Negotiating Faith in Digital Culture
series: Engaging Culture
This informed theology of communication and media analyzes how we consume new media and technologies and discusses the impact on our social and religious lives. Combining expertise in religion online, theology, and technology, the authors synthesize scholarly work on religion and the internet for a nonspecialist audience. They show that both media studies and theology offer important resources for helping Christians engage in a thoughtful and faith-based critical evaluation of the effect of new media technologies on society, our lives, and the church.
About the Series
The Engaging Culture series is designed to help Christians respond with theological discernment to our contemporary culture. Each volume explores particular cultural expressions, seeking to discover God's presence in the world and to involve readers in sympathetic dialogue and active discipleship.
Introduction: When New Media Meets Faith
1. Theology of Technology 101: Understanding the Relationship between Theology and Technology
2. New Media Theory 101: Understanding New Media and the Network Society
3. Networked Religion: Considering How Faith Is Lived in a Network Society
4. Merging the Network with Theology: Who Is My Neighbor in Digital Culture?
5. Developing a Faith-Based Community Response to New Media
6. Engaging Appropriately with Technology and Media
"Networked Theology is robustly theological in (1) addressing the nature of being human (theological anthropology) in an era of network individualism, (2) analyzing the nature of human social relations (ecclesiology and theology of society) in a time of connectivity commodification, and (3) revisioning the form of Christian faithfulness (theology of culture and mission theology) in our digitally mediated world. Amid the emerging literature at the intersection of theology and technology, Campbell and Garner give us the first sustained assessment of contextual and public theology for living in and against Web 3.0."
Amos Yong, professor of theology and mission, Fuller Theological Seminary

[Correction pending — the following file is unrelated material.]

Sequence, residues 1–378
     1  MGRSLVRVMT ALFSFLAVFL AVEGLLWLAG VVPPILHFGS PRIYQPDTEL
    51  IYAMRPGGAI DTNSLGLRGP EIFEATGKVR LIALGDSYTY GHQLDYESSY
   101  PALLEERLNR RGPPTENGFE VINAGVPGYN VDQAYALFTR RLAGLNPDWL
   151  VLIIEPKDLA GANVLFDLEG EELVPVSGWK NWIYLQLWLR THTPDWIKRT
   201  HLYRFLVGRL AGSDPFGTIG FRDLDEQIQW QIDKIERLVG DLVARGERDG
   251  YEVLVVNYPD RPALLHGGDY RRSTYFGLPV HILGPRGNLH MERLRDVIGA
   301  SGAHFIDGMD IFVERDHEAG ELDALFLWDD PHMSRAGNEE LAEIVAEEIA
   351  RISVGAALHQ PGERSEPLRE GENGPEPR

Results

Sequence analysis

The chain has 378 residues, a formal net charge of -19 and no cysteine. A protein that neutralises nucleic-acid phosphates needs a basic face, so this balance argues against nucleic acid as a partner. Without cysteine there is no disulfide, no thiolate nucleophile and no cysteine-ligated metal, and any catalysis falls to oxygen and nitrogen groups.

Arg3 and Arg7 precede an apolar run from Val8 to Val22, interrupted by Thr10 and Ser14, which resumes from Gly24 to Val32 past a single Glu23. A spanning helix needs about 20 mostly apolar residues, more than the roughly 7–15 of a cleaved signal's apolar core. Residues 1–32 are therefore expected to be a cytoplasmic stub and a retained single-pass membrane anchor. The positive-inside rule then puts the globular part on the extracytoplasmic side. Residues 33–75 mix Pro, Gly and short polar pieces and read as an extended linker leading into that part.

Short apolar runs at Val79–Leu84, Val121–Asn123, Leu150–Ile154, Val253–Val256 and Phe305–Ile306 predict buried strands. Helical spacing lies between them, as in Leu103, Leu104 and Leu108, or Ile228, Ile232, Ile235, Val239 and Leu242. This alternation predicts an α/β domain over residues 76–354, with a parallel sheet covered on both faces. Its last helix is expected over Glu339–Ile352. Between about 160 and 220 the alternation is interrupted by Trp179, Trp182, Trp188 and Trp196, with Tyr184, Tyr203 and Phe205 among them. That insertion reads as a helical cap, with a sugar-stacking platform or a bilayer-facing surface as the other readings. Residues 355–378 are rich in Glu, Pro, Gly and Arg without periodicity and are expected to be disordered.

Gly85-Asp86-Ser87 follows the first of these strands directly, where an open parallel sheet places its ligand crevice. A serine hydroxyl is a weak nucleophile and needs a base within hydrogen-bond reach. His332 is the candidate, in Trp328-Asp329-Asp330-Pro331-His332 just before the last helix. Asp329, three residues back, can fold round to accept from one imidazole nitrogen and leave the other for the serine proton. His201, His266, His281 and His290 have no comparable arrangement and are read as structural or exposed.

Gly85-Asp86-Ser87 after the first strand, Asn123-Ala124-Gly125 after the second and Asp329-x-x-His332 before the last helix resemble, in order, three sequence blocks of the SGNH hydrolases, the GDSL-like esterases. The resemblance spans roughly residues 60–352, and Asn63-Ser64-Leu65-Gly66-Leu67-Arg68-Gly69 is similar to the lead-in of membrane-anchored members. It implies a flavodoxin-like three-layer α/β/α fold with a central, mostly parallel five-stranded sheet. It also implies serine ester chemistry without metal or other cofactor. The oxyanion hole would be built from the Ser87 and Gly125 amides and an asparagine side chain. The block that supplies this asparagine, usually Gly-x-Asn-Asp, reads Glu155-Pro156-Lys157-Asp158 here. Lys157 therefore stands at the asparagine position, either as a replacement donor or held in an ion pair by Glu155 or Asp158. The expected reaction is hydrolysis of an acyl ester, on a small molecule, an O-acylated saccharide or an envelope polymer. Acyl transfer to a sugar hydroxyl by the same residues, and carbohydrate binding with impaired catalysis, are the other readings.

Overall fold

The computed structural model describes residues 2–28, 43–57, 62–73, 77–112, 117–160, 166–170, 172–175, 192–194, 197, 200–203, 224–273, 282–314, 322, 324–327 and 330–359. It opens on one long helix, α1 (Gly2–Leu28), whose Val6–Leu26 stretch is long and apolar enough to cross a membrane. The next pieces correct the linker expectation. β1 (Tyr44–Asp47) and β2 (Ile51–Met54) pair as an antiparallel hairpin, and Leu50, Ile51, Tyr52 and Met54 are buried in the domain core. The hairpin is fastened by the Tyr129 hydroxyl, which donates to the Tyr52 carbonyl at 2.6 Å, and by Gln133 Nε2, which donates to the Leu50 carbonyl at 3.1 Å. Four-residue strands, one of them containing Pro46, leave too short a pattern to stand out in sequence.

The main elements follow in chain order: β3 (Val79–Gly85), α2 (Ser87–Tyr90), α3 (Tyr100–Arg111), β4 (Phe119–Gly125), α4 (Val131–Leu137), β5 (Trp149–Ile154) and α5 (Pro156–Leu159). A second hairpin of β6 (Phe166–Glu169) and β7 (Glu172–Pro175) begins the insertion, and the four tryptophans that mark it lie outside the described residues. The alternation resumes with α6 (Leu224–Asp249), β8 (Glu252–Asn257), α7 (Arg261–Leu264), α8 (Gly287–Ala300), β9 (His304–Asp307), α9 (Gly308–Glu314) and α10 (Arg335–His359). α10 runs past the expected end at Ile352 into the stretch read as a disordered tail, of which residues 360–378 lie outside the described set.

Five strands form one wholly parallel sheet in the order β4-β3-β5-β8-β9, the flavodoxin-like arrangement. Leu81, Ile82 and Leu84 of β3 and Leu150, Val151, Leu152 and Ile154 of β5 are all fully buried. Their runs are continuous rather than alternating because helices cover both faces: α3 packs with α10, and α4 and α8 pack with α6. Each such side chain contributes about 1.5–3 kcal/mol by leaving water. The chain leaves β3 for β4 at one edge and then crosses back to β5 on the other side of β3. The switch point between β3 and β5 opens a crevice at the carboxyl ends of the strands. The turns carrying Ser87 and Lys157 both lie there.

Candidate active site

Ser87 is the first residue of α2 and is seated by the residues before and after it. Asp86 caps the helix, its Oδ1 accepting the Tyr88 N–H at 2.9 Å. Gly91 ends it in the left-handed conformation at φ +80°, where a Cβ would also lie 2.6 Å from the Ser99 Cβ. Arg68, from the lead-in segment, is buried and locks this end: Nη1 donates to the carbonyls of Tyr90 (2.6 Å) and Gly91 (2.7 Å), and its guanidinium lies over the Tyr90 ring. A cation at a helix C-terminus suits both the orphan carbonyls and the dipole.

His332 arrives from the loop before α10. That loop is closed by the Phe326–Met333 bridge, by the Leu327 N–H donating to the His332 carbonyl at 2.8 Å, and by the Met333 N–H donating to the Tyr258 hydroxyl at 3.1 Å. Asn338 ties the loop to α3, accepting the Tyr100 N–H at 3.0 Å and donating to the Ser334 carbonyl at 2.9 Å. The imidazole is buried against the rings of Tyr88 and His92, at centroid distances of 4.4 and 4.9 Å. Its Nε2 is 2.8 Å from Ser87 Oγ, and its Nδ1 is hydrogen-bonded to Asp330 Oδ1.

"Networked Theology contributes to a burgeoning field in Christian theology--theologically engaged reflections on digital culture--with wisdom, learning, and passion. Campbell and Garner are a dream team to tackle this topic. Their combined expertise results in an impressive interdisciplinary endeavor, bringing up-to-date, rigorous media scholarship together with thoughtful, engaged theological practice. They offer much-needed historical and theoretical grounding to help describe where we are and how we got here. They also offer rich theological and deeply pastoral resources to help communities engage their work. This will be a wonderful text for seminary and advanced undergraduate classes and for pastors and laypeople who want to understand their own digital practices."
Kathryn Reklis, assistant professor of modern Protestant theology, Fordham University; research fellow, The New Media Project, Christian Theological Seminary
"A thoughtful, compelling, and substantial reflection on the intersection of networked religion and Christian theology. The authors' distinctive backgrounds--his in computer science, hers in media studies--offer unique perspectives from which to consider difficult questions about identifying and loving our neighbors in the midst of digital cultures. An excellent text for both seminary and congregational study."
Mary Hess, professor of educational leadership, Luther Seminary